As stated in Chapter 751, Title 2 of the Estates Code, a Texas limited power of attorney conducts the interests of the declarant who wishes to delegate certain authorities to another adult individual ( an agent or an attorney-in-fact). Proceeding from the type of record, the form restricts the powers to business-related matters, including transactions, and is not durable. The POA template contains paragraphs devoted to the determination of the effective period.
See all the Texas power of attorney forms you can fill out by following this link to our Texas article.
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To avoid ambiguity and unfavorable situations, the principal should conclude a Texas limited POA regarding the following terms:
To reduce analog situations, one should be prudent while engaging an agent. Remember, this person will become your representative in your absence due to personal or business reasons.
|Document Name||Texas Limited Power of Attorney Form|
|Other Name||Texas Special Power of Attorney|
|Relevant Laws||Texas Statutes, Estates Code, Title 2, Chapter 751|
|Avg. Time to Fill Out||8 minutes|
|# of Fillable Fields||32|
|Available Formats||Adobe PDF|
If you decide to transfer certain authorities to an appointed person, you need to complete a Texas Limited Power of Attorney template to provide written proof of your preferences. Make use of our latest form-building software to generate corresponding paperwork online. You are welcome to fill out the template instantly.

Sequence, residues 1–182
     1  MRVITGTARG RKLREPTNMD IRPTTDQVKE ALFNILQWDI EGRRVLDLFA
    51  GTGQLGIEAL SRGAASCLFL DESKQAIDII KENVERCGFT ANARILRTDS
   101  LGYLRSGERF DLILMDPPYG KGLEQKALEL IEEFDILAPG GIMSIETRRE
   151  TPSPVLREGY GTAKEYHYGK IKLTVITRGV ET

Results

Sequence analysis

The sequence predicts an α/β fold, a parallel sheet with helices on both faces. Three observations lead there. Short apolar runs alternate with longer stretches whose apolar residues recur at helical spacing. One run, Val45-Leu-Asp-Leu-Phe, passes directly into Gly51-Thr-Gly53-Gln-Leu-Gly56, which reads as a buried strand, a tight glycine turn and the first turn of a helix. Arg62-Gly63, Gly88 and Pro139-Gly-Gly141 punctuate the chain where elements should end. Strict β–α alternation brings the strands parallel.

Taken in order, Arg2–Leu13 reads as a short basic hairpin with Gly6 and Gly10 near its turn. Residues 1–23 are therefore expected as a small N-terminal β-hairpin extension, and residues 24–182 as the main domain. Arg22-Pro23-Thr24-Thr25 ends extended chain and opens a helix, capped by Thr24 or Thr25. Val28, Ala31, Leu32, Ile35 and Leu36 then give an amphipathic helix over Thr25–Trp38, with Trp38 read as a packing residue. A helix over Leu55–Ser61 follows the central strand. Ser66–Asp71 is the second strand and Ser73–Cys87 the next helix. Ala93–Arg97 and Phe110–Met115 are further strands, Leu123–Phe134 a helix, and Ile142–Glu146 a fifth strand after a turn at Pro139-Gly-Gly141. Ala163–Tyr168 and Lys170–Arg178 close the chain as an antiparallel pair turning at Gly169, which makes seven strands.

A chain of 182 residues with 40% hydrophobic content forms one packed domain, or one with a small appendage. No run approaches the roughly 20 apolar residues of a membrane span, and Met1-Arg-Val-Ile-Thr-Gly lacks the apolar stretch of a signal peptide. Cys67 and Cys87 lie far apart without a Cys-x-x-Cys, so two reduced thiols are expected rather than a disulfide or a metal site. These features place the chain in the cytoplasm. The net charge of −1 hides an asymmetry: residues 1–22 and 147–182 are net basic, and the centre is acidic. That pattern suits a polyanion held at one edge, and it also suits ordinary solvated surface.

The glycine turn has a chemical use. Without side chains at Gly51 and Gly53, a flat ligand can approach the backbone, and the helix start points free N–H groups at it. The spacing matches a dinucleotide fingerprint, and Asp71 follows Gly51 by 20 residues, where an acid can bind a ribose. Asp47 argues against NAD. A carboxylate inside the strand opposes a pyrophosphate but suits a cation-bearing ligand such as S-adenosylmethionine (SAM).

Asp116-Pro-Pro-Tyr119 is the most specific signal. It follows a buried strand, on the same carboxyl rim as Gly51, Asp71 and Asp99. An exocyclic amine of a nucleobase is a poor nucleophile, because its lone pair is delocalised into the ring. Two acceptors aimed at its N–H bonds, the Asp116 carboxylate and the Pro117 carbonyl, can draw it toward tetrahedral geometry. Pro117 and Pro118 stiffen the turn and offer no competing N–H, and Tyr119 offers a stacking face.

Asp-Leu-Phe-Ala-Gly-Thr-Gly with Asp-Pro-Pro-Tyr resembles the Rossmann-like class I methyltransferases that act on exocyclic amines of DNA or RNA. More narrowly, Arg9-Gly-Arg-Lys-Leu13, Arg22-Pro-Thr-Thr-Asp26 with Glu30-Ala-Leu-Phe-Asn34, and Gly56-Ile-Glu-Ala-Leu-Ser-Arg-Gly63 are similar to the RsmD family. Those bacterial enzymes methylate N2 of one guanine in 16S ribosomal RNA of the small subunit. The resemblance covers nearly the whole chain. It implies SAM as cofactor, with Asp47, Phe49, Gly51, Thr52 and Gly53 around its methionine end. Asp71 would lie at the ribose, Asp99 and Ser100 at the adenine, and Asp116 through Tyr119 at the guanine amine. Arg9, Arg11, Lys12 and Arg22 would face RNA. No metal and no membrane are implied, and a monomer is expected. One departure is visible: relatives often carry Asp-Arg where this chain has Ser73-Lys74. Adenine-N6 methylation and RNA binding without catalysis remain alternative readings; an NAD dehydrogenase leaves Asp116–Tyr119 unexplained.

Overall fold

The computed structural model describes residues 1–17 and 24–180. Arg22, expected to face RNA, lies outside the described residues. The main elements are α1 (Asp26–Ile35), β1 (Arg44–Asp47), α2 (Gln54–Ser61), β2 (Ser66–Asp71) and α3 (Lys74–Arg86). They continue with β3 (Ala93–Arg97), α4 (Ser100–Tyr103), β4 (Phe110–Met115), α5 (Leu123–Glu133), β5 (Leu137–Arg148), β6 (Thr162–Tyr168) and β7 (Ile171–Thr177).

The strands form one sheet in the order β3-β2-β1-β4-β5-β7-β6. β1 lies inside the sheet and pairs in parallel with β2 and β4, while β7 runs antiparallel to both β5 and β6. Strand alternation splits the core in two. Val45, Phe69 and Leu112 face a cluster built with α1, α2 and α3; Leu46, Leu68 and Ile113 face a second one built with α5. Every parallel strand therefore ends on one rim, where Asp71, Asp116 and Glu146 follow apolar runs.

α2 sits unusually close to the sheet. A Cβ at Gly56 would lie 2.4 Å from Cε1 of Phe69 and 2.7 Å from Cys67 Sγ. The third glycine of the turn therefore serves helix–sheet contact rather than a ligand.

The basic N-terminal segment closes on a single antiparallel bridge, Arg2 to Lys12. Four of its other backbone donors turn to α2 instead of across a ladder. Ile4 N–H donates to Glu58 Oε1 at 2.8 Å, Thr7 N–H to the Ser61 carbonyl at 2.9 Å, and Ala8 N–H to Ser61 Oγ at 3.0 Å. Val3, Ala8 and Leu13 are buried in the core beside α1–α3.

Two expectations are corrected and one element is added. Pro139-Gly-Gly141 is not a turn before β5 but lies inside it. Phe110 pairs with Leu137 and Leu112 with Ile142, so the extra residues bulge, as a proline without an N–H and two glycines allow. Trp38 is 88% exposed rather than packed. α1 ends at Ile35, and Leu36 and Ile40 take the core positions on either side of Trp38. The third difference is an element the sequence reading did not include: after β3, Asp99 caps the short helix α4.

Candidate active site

1. Determine the Declarant’s Identity
The first thing you should do while completing the template is to write the principal’s legal name and contact data. Submit the full residency, including street, city, and state, and provide a phone number for emergency cases.
2. Determine the Agent’s Identity
The next step involves identifying the designated representative who will act on the principal’s behalf and in his or her best interests.
Enter the agent’s legal name, address, and contact phone number.
3. Specify the Granted Authority
Describe the powers that you wish to assign to your attorney-in-fact and list them on the spare lines. If there are specific things you don’t allow your agent to conduct, make sure to write them down. Be as detailed as possible to avoid confusing moments in the future.
4. Specify the Duration of the Limited POA
Every document possesses an effective time frame. This section requires the principal to determine the effective date and the moment of termination.
Decide on the preferred alternatives and place your initials next to the acceptable variant. Pick one for the “Effective Date” section and one in the “Termination Date” section.
Enter the current date in a day-month-year format to complete this part.
5. Define a Successor Agent
If you feel that a backup is a good idea, please introduce a successor attorney-in-fact. Life is unpredictable and can create unforeseen circumstances when an initially appointed person cannot execute the delegated authority.
If you decide to provide a backup agent, you are likely to protect yourself if any misunderstanding arises.
Enter the successor’s legal name and residence, including the street, city, and state. Enter his or her contact phone number, as it will be needed to notify the person about the appointment.
6. Provide the Principal’s Signature
The declarant must sign the Texas limited POA template in the presence of a notary to make the document complete.
Place your signature on the corresponding line and specify the date of completion.
7. Acquire Notarization
Once all required data is filled out, and the principal has provided their signature and the identification documents, a notary public can close the form and affix their signature and state seal.